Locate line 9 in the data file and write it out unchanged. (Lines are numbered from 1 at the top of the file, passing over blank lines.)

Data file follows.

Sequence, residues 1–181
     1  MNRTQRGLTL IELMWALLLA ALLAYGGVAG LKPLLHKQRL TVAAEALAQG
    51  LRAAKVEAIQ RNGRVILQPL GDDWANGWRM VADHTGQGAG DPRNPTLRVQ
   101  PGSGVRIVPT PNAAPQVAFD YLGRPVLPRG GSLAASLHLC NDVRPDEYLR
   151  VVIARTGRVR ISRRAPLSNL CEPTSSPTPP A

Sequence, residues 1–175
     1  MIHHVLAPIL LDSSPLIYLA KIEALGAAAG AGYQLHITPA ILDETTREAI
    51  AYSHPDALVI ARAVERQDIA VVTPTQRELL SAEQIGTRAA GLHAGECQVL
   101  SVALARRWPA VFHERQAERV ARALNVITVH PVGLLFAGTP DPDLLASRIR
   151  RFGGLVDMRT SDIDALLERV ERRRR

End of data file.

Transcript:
   101  SVALARRWPA VFHERQAERV ARALNVITVH PVGLLFAGTP DPDLLASRIR